Regarding Takamitsu Sawa’s Aug. 20 article “Measuring a society’s value“: I find the article confusing as Sawa seems to be trying to relate the “well fed, well bred” slogan to economic growth.
At first, he says that when people become richer, they have better manners, but later uses the word “manners” to describe the qualitative side of economic growth (environmental stability, income distribution) as opposed to the quantitative side (GDP). With his multiple usages of “manners,” he stretches the analogy too far, and it isn’t clear what purpose the analogy serves in the end.
I also don’t understand why Sawa is so disappointed that the “top brains” could not arrive at a single measure of happiness. The fact is that happiness is based on many factors and is highly subjective. Rather than treating gross domestic product as the primary measure of happiness that needs to be transcended, GDP should be recognized as merely one facet of a society’s health.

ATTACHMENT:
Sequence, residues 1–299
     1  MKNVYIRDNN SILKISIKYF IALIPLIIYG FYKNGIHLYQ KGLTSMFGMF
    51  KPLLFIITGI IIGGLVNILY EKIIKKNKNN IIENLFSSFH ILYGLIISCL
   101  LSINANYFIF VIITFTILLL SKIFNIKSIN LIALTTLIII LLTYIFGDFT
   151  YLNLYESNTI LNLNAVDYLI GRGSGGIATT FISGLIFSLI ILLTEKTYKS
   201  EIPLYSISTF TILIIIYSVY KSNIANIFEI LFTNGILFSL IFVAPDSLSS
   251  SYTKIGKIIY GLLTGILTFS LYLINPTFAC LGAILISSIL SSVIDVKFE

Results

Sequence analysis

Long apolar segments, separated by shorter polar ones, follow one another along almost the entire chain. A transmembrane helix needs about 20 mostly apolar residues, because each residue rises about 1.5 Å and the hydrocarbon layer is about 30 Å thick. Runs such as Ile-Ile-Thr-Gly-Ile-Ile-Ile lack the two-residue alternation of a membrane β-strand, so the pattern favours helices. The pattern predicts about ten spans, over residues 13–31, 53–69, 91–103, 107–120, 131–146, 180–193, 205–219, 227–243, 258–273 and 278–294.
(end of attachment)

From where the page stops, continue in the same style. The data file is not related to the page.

The mistake in the past was having GDP represent the only measure that was consulted. Now, thanks partly to the work of “top brains” like Amartya Sen, the concept of “human security” has arisen as the most effective expression among the plethora of factors constituting human happiness. As Sawa says, this multifactor approach has been known for decades. Whether governments have the will to follow it is another matter entirely.
The opinions expressed in this letter to the editor are the writer’s own and do not necessarily reflect the policies of The Japan Times.
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